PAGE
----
The Free Navigation of the Mississippi
Milwaukee Daily Sentinel, March 4, 1861
The States of Mississippi and Louisiana, and the Montgomery Convention, have deemed it worth while to assure the commercial world that they guarantee the freedom of the Mississippi, "in times of peace." This reservation implies a right of the rebel Confederacy over that river—an assumption as unfounded as it is impudent, and one which will not be conceded for a moment, either by the General Government, or by any one of the half dozen States directly interested in its uninterrupted navigation.
But even since the promulgation of this guarantee, with a reservation, Louisiana has declared her purpose to ignore it. She assumes the right to exact tribute from all comers, and has given public notice that, after the 4th of March, no goods shall pass over the waters of the Mississippi, through her territory, without the payment of such duties as she, in her generosity, may levy.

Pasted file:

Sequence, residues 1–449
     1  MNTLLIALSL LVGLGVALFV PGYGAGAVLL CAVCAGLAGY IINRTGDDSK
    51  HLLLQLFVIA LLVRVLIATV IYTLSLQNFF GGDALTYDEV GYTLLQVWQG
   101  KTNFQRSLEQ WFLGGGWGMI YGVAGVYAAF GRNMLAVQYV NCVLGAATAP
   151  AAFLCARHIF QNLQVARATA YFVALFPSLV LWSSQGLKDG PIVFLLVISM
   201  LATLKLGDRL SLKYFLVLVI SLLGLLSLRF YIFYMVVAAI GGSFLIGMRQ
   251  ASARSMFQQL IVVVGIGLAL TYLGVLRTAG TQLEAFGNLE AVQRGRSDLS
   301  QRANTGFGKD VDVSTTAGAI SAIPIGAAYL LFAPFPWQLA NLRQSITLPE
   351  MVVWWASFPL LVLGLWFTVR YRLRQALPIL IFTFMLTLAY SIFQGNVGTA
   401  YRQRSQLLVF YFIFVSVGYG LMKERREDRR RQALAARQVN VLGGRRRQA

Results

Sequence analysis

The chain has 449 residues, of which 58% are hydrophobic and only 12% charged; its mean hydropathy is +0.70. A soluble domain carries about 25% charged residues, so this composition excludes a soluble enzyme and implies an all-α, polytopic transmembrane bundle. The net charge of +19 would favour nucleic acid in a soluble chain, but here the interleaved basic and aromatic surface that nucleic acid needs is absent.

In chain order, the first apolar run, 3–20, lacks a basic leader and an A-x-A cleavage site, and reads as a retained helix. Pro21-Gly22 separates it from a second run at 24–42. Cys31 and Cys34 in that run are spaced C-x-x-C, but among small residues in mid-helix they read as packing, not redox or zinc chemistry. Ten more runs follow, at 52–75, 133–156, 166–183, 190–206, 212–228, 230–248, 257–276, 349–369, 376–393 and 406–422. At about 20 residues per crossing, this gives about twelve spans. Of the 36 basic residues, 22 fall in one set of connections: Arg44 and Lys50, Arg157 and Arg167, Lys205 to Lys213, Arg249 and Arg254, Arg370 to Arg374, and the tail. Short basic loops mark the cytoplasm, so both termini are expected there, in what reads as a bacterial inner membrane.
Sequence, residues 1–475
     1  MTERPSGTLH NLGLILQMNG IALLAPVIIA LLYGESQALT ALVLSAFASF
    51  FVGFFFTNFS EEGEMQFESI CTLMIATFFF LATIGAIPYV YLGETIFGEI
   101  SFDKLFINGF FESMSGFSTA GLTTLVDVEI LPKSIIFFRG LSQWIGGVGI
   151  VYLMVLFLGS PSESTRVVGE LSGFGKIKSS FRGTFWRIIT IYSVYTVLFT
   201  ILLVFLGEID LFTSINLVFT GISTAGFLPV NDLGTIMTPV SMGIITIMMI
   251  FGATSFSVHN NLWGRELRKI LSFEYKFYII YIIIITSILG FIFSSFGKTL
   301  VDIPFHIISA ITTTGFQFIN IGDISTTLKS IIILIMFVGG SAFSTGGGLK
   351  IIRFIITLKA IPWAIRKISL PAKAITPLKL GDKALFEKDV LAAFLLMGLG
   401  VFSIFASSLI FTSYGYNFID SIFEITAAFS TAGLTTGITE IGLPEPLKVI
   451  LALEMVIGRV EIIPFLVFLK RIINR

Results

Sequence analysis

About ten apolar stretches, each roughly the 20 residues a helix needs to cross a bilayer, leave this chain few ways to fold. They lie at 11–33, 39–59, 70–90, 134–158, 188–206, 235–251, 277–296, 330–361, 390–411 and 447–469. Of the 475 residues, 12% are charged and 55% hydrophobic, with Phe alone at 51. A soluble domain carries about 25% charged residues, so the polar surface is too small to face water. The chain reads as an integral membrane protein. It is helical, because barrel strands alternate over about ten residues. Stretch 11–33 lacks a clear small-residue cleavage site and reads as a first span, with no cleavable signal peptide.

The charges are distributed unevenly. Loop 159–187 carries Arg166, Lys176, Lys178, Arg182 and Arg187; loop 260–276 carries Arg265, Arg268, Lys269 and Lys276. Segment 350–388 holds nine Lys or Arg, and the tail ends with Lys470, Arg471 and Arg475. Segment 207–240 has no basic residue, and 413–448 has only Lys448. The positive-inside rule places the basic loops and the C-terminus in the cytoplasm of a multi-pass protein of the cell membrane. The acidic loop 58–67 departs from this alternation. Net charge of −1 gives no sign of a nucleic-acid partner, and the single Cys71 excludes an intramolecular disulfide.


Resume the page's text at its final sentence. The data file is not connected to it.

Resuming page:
This is more than an act of war against the Government of the United States. It is a blow struck at every State and Territory bordering on that river and its tributaries. Even should the General Government submit to this indignity, the millions of People to be directly affected by it, will not. Upon the free navigation of the Mississippi depends every material interest of those States and Territories. This great outlet closed, or its use made dependent upon the caprices and whims of a single State, that portion of the Northwest which has no other available outlet to the Atlantic border, sinks at once into the humiliating attitude of an isolated Province.
It would be an insult to the States directly interested in this question to suppose that they would, for a moment, submit to such an act of piratical usurpation. It would bring clown upon the usurping State an avalanche of armed men, who would promptly compel, at no matter what cost, the re-opening of this great National highway.
And this question Louisiana seems determined shall be tried. Better that she herself were cast into the midst of the sea, than that she should persist in what must lead to such fearful results.